As this holiday season got underway, Comscore saw Cyber Monday deliver almost $8 billion dollars in spending in one day alone. With that as a bellwether, we expected a big holiday season overall, and consumers did not disappoint.
Overall, Comscore tracked $133.7 billion in digital commerce this holiday season for the U.S., an increase of 16 percent from 2018. While the growth rates were a bit softer than last year, it is still clear that digital commerce is continuing to flourish as more and more consumers turn to the internet to make purchases, during holidays or otherwise. Mobile was a driving force as well; while desktop spending grew 13 percent year-over-year, mobile spending grew by 23 percent year-over-year. Additionally, mobile as a share of total digital spending was nearly 32 percent – the highest on record.
On a category by category basis, the usual top categories we see for digital commerce remained the highest in raw spend throughout the holiday season. Apparel, far and away the highest digital commerce category, hit $27.2 billion in 2019 (+17% vs 2018), while consumer electronics slotted in at second place for total spend.
From a year over year growth perspective, the top growing categories were event tickets, sports and fitness, and toys/hobbies (a fast-growing category which we believe has been fueled by the increased popularity of board games and similar items).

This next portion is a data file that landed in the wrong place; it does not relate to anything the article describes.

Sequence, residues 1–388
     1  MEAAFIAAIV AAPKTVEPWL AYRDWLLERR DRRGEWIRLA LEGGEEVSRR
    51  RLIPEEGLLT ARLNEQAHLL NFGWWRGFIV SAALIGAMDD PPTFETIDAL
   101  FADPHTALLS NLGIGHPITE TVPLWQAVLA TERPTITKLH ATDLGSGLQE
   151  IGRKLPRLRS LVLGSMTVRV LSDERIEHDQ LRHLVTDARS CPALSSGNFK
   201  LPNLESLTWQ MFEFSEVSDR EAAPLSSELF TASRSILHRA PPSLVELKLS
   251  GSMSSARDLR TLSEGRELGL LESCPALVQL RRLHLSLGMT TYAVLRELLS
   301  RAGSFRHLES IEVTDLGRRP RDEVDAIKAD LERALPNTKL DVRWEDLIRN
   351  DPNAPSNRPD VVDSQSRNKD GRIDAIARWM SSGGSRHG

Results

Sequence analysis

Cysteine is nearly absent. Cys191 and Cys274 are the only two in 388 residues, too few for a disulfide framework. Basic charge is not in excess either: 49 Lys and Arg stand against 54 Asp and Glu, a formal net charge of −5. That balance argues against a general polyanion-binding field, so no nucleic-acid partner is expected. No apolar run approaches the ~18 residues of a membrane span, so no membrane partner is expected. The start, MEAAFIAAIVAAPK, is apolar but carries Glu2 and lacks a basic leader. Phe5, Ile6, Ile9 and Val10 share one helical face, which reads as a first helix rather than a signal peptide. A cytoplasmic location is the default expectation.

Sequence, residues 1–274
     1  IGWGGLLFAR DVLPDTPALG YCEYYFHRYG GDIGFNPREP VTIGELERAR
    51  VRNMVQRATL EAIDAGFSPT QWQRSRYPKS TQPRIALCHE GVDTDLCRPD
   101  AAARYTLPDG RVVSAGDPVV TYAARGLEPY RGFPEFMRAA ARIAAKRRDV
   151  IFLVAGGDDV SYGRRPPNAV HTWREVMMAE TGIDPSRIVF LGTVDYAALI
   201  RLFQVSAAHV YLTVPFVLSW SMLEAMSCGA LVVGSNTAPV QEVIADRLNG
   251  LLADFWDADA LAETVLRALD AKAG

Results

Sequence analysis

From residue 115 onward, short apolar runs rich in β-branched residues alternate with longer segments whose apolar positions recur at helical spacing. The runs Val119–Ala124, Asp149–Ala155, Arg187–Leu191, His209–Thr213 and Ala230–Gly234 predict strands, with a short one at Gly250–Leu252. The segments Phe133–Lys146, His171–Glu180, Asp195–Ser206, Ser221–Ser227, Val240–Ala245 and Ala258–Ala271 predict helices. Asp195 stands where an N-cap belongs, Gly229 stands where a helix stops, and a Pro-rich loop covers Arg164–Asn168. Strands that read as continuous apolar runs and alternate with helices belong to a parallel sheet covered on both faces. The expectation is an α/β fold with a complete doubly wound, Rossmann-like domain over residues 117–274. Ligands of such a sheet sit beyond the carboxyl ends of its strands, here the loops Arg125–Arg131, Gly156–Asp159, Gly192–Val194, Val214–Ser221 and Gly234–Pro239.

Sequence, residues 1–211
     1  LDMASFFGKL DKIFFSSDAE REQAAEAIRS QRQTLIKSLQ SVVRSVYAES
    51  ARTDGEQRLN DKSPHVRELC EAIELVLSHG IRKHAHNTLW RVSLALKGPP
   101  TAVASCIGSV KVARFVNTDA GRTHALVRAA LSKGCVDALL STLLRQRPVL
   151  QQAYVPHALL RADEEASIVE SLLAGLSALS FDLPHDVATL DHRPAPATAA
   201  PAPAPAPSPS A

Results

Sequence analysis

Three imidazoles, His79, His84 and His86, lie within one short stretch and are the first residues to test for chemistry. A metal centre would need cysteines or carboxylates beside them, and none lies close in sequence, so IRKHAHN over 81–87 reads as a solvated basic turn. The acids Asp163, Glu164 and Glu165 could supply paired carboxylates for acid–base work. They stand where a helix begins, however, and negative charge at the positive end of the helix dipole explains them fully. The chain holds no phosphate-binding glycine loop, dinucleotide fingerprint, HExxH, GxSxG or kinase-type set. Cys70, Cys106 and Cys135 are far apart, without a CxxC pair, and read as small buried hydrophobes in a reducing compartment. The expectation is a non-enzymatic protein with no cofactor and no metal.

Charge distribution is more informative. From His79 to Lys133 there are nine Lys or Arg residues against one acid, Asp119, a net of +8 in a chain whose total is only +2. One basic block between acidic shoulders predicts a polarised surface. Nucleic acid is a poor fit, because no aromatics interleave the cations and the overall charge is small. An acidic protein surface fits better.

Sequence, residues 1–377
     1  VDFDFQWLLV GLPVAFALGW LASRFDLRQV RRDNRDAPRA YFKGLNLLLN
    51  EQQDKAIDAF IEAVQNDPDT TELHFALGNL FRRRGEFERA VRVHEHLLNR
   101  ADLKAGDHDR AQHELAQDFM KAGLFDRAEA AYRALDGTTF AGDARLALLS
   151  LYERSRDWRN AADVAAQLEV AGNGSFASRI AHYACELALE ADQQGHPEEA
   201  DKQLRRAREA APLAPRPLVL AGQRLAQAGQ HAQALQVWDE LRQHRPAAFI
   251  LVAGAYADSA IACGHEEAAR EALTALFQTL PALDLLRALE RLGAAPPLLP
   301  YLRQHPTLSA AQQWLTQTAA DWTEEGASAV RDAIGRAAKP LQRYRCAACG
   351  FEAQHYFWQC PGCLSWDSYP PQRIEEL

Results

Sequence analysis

Consumers Are Focusing on ‘Cyber 5’ Sales
While Comscore considers the ‘holiday season’ to be everything from November 1st to December 31st, traditionally, we see a huge spike of online spending begin around Thanksgiving and Cyber Monday, or what has been dubbed the ‘Cyber 5’ holiday days. Despite brands aggressively pushing sales weeks ahead of the Cyber 5 holidays to get ahead of the shorter holiday season, the two weeks leading up to Thanksgiving 2019 were one of the slowest growth periods of the holiday season (4% desktop growth which was well below the 10% growth over the entire season for desktop). It seems that consumers have become a bit conditioned to see the ‘Cyber 5’ as the days for the best deals, and more tepid spending prior to those days suggests that they might be holding out for these perceived best deals, which are expected to come those days.
Between 2015 and 2019, the share of holiday spending around the Cyber 5 days increased from 16% to 20%. While four percentage points doesn’t necessarily seem like a seismic shift, each point represents billions of online dollars. However, just because a higher share of spending has moved earlier in the season doesn’t mean that the days leading up to Christmas are atrophying when it comes to spending. In the 2019 holiday season, 87% of the days leading up to Christmas (starting with November 1st) were billion-dollar spending days on desktop. What puts this number in context is that in 2015, that number was only 30%. In four short years, we have seen holiday spending rise to the point that nearly every day is over a billion dollars of desktop spending alone. Although Comscore doesn’t report mobile spending for individual days outside of Thanksgiving, Black Friday, and Cyber Monday it’s safe to assume based on overall holiday trends, that total digital spending pushed those days even higher.